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Urban-rural disparities in wife-beating attitude among married women: a decomposition analysis from the 2017 Senegal Continuous Demographic and Health Survey
Authors: Betregiorgis Zegeye, Gebretsadik Shibre, Bright Opoku Ahinkorah, Mpho Keetile, and Sanni Yaya
Source: Archives of Public Health, DOI: 10.1186/s13690-021-00612-5
Topic(s): Domestic violence
Intimate Partner Violence (IPV)
Rural-urban differentials
Women’s empowerment
Country: Africa
Published: JUN 2021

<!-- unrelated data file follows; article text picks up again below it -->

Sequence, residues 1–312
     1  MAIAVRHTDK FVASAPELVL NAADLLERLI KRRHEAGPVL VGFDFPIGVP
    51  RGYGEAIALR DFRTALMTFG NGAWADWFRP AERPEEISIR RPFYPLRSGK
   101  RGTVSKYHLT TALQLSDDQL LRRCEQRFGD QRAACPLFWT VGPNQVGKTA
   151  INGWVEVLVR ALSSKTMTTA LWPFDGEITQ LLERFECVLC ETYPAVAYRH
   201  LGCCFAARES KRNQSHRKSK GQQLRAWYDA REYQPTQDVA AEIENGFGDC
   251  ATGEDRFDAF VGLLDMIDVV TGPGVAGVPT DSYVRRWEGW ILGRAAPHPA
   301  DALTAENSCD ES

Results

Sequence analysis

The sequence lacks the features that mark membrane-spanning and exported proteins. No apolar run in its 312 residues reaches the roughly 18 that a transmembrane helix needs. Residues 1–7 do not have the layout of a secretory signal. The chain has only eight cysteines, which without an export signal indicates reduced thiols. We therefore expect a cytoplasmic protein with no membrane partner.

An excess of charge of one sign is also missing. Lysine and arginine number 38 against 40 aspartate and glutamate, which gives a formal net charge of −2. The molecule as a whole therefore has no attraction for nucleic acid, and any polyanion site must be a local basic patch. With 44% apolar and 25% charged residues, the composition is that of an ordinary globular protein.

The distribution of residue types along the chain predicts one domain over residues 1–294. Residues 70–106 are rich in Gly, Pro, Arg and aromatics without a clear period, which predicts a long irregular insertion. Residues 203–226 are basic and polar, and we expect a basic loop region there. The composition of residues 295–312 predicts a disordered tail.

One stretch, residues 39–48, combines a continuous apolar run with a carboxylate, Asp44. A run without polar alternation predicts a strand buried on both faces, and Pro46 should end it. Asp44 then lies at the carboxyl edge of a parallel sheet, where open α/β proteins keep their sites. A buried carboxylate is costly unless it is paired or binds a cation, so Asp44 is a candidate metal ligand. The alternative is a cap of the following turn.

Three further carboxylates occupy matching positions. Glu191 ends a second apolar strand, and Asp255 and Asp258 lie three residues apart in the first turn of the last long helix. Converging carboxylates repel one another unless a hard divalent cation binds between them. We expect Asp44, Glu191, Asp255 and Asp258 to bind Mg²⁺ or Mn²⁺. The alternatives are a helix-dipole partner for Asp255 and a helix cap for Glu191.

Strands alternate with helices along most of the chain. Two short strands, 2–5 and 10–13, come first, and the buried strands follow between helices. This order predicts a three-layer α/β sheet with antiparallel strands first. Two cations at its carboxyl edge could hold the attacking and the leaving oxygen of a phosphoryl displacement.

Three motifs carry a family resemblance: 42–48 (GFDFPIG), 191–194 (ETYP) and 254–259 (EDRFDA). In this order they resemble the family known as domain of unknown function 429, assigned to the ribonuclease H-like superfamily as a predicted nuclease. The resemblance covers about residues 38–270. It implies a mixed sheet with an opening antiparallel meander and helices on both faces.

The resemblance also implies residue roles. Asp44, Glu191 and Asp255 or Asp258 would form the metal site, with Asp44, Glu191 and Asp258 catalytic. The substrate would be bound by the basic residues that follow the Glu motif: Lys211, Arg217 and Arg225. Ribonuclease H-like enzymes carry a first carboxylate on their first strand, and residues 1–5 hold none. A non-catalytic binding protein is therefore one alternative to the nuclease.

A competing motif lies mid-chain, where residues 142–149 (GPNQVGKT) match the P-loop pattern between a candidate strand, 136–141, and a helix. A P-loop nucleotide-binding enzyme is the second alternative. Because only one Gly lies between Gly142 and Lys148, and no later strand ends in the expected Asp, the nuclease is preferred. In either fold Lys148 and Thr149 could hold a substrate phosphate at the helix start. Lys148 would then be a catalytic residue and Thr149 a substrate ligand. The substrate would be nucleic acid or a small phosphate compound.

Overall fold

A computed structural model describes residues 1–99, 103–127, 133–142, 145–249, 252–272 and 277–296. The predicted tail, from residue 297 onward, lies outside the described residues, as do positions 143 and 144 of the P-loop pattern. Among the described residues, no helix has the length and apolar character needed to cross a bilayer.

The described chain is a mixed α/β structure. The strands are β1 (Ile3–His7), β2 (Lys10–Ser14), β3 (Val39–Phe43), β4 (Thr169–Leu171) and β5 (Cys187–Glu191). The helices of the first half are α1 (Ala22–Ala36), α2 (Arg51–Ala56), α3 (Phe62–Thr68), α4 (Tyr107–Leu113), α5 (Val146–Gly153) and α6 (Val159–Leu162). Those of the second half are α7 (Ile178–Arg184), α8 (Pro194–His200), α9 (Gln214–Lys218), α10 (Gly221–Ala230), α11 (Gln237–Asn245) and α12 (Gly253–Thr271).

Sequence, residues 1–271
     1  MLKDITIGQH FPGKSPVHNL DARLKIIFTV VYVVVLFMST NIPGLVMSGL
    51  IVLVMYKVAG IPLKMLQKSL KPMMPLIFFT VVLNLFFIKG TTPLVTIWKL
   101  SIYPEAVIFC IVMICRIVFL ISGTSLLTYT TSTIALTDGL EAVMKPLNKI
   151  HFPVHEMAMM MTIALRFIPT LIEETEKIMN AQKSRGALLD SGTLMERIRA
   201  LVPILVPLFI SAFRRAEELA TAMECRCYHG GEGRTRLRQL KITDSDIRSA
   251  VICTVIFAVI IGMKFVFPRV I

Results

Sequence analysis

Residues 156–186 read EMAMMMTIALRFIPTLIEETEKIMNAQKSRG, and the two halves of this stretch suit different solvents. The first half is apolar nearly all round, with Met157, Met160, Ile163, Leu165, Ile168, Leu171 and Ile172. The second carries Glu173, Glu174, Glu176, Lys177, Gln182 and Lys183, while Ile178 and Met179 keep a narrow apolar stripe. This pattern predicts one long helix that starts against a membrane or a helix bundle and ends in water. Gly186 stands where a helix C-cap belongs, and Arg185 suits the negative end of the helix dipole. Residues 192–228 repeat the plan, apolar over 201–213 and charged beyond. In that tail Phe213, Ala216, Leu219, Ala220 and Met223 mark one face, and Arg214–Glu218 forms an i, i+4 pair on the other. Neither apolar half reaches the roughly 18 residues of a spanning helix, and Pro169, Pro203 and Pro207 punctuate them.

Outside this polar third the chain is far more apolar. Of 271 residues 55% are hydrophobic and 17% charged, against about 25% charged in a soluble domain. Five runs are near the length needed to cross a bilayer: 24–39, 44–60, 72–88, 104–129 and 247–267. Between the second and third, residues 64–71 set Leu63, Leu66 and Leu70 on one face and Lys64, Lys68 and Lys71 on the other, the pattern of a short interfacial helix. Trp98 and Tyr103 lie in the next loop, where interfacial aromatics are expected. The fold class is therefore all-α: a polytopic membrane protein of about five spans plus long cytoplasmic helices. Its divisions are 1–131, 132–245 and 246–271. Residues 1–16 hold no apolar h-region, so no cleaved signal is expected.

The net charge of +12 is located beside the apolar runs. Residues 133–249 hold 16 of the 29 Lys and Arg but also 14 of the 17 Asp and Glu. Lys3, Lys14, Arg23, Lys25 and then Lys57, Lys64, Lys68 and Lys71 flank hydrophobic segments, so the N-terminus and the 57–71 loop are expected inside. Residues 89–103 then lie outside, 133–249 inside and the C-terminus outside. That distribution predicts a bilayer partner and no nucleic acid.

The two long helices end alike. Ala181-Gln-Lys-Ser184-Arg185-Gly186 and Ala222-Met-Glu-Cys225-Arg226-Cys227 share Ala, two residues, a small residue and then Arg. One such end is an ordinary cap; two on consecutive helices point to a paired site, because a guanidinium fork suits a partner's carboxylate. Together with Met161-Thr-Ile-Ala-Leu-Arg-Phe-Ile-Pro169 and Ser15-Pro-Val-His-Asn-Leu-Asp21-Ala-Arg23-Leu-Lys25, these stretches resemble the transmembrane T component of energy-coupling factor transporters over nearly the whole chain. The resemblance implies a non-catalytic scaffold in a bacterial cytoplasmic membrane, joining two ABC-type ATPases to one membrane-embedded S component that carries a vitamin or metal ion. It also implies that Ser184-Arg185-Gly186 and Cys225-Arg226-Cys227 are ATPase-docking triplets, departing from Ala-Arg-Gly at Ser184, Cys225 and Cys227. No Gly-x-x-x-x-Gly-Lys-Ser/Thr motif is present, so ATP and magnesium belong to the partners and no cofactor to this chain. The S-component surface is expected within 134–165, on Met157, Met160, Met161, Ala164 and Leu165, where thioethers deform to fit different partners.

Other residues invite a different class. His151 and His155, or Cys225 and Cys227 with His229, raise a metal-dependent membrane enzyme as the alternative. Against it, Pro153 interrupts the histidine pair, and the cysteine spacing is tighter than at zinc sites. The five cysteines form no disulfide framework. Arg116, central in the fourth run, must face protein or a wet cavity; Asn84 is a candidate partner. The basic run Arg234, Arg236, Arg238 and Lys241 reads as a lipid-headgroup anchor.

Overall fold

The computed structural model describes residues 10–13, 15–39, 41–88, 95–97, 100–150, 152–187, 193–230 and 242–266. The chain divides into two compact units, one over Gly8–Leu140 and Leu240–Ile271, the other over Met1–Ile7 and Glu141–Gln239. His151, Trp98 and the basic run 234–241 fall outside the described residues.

Abstract: Background: Globally, intimate partner violence is one of the most common forms of gender-based violence, and wife beating is one component of intimate partner violence, with the problem being more severe among women living in rural settings. Little is known about the factors that explain the urban-rural disparity in the prevalence of wife beating attitude in Senegal. In this paper, we aimed to decompose the urban-rural disparities in factors associated with wife beating attitude among married women in Senegal. Methods: Data were derived from the 2017 Senegal Continuous Demographic and Health Survey. We used the Blinder-Oaxaca decomposition method to decompose and explain the variation in the prevalence of disagreement to wife beating between urban and rural areas in Senegal. Results: The results show that 48.9% of married women in Senegal disagreed with wife-beating. About 69% of urban women disagreed with wife beating, but only 36% of rural women disagreed with wife beating. About 68.7% of women in the sample reported that they disagreed to wife beating by their husbands for burning food and nearly 50% of women reported that they disagreed with wife beating when they refuse to have sex with their husbands. About 86% of the urban-rural disparities in disagreement with wife beating are explained in this study. Economic status (45.2%), subnational region (22.4%), women's educational status (13.3%), and husband's educational status (10.7%) accounted for 91.6% of the disparities. Conclusions: The study shows urban-rural disparities in the prevalence of wife-beating attitude (disagreement with wife beating) and this disfavored rural residents. We suggest the need for the government of Senegal to consider pro-rural equity strategies to narrow down the observed disparities. Moreover, socioeconomic empowerment and attitudinal changing interventions using existing socio-cultural institutions as platforms can be used to deliver such interventions.